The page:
The complete court of Iraj Mirza

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Title: The Complete Court of Iraj Mirza

By: Mohammad Jafar Mahboob

Language: Farsi

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Description

The complete divan of Iraj Mirza, known as “Jalal al-Malak” and “Fakhr al-Sho’ra”, was one of the prominent Iranian poets in the constitutional era (late Qajar and early Pahlavi eras) and one of the pioneers of modernity in Persian literature.

Iraj Mirza has written poetry in various forms and his most valuable poems have critical, social, emotional and educational themes. Iraj’s poetry is simple and fluent and sometimes contains slang words and speeches, and his poems were among the poems influencing the poetry of the constitutional period.

Biography of Iraj Mirza
He was the son of Sadr al-Sho’ra Gholam Hossein Mirza, the grandson of Iraj, the son of Fath Ali Shah and the descendant of Fath Ali Shah Qajar. He was educated at the Dar al-Fonun School in Tabriz, where he learned Arabic and French. When Amir Nezam Grossi established the Mozaffari School in Tabriz, Iraj Mirza became the deputy head of that school, and in this position he took over the management of the monthly newspaper Vargheh (the first student publication in Tabriz).

At the age of nineteen, he was nicknamed “Iraj bin Sadr al-Sho’ra”. However, he soon resigned as a court poet and took up various government jobs, including working in the Ministry of Culture (education at the time). Then he was hired by the Customs Department and after the constitution, he served in various government jobs, including the Ministry of Interior, as the Governor of Abadeh and the Deputy Governor of Isfahan.
Iraj Mirza died of a heart attack at home in Tehran. Iraj Mirza was fluent in Persian, Azerbaijani Turkish, Arabic and French, and he also knew Russian and wrote Nastaliq script well. The tomb of Zahir al-Dawla became the eternal home of Iraj Mirza

Character
Iraj belonged to a group of Qajar princes who did not play an effective role in ruling the country, but nevertheless retained their belonging to their lineage and aristocracy. Iraj, like his father Sadr al-Sho’ra, sometimes suffered from poverty and hardship, and therefore sympathy and sympathy with the poor and the spirit of protesting against social inequalities were alive in him.

Due to his extravagant nature, constant travels and frequent job changes, he was sometimes forced to praise the nobility and aristocracy against his will, but he expressed his nostalgia and disgust in a gentle but effective way.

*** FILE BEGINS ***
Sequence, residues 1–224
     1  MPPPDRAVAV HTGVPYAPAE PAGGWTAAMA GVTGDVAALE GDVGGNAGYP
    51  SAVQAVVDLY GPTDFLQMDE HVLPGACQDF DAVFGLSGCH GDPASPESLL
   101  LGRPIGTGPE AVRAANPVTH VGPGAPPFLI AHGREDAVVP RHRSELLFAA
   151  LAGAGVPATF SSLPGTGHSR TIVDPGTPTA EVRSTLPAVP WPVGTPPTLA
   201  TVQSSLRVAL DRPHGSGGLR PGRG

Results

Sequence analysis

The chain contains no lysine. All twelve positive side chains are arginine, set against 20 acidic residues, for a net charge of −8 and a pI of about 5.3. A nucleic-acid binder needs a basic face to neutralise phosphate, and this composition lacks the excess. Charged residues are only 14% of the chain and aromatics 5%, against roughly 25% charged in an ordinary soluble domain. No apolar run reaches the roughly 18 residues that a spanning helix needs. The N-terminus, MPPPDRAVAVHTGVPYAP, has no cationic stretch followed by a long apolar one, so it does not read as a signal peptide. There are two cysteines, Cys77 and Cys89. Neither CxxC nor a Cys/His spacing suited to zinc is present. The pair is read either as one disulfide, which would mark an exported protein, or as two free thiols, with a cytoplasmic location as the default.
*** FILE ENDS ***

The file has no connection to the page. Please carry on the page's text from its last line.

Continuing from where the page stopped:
Those who have been in close contact with Iraj have said that he was a dignified and dignified man in his daily life and spoke the word pen in public, but when he was in private circles and among friends, this privacy was suddenly lost and turned into a joke. Been. A Russian orientalist who met him during Iraj’s lifetime says of him:

“He was a man of black, burnt, thin, and mediocre, and patient in behavior and speech. “Iraj’s poems come to life when he reads them himself.”

Political views

Iraj, along with the Queen of Poets Bahar, was the loudest voice in the poetry of the constitutional period. Unlike Bahar, who viewed constitutionalism from a patriotic point of view, he was more critical of social relations than an aristocratic bourgeois. While he considered the masses to lack political consciousness and social understanding, he advised his friends to avoid danger with the powerful and to pursue expediency.

Although Iraj boasted of his princeness, there are verses left in his critique and slander of Muhammad Ali Shah and Ahmad Shah; Thus, without unwarranted love, hatred, and prejudice, he made the character of intellectualism and free thought his profession.
So much so that in the uprising of Colonel Mohammad Taghikhan Pesyan, he was considered one of his advisers. He conservatively advocated involvement in politics to the extent that it did not harm personal interests; But at the same time, patriotic ideas were emerging.

Iraj Eskandari who had seen the atmosphere of that time. Later in his memoirs, he explained that the mystic songs of this national and freedom-loving Iranian poet had a tremendous effect on the listeners and moved them in favor of the republic.

Religious perspective
Iraj had an opposite position against the hijab. This position can be easily seen in the “Caravanserai” section. This issue has been discussed in various places in Iraj’s Divan, and this position has led to opposition from two different groups, Iraj and his thoughts: a group that opposed Iraj in principle and ideology due to religious inclinations, and a group that seeks a political opportunity to strike. Were to him. However, with the coming to power of Reza Shah’s secular government, the second group separated from the opposition and became his supporters.

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